2020 Democrats jockey over surging college costs

2020 Democrats jockey over surging college costs
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The skyrocketing cost of a college education has become a hot issue in the 2020 Democratic primary, as most candidates look to provide some type of relief to students saddled with debt.

Sen. Bernie SandersBernie SandersShame on Biden for his Atlanta remarks — but are we surprised? Overnight Health Care — Biden faces pressure from Democrats on COVID-19 Sanders calls out Manchin, Sinema ahead of filibuster showdown MORE’s (I-Vt.) was the first Democrat to put the issue front and center in a presidential primary, proposing in his failed 2016 run to make tuition free for public colleges, a plan that forced Hillary ClintonHillary Diane Rodham ClintonThe Hill's Morning Report - Presented by Facebook - Democrats see victory in a voting rights defeat Left laughs off floated changes to 2024 ticket A year into his presidency, Biden is polling at an all-time low MORE to come up with her own initiative.

The cost of college came into focus again this month after billionaire Robert F. Smith stunned the graduating class of Morehouse College by offering to pay off all their debt, at a time when the student loans across the country have climbed to $1.5 trillion.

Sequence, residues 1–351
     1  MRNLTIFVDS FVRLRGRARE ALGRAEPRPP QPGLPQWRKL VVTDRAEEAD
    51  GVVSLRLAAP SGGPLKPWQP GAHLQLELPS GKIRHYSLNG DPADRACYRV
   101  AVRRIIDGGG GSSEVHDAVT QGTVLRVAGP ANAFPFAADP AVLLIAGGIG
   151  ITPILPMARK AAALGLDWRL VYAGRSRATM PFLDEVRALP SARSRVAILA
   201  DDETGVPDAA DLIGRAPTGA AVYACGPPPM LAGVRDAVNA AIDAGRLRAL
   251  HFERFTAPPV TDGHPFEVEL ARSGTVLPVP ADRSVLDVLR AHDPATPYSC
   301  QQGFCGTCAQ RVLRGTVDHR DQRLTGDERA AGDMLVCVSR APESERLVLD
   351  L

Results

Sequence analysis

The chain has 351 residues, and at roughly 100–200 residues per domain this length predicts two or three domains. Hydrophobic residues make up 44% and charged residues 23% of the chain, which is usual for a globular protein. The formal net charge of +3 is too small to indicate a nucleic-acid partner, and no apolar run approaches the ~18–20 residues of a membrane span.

In 2020, almost every candidate has a proposal to make at least some part of public college education free or to reduce the weight of student debt, amid a new push in Congress by some Democrats to tackle the issue through legislation.

But the plans have differences, ranging from two years of free community college floated by more moderate candidates such as former Vice President Joe BidenJoe BidenMadame Tussauds unveils new Biden and Harris figures US raises concerns about Russian troop movements to Belarus Putin tests a model for invading Ukraine, outwitting Biden's diplomats MORE, to more ambitious plans to make the entire public university experience free and eliminate all student debt, as proposed by Sen. Elizabeth WarrenElizabeth WarrenWarren dodges on whether Sinema, Manchin should be challenged in primaries Former aide says she felt 'abandoned' by Democrats who advanced Garcetti nomination as ambassador to India The Memo: 2024 chatter reveals Democratic nervousness MORE (D-Mass.).

The proposals, which can cost up to over a trillion dollars, are already being assailed by Republicans as socialist policies that will balloon the fiscal deficit.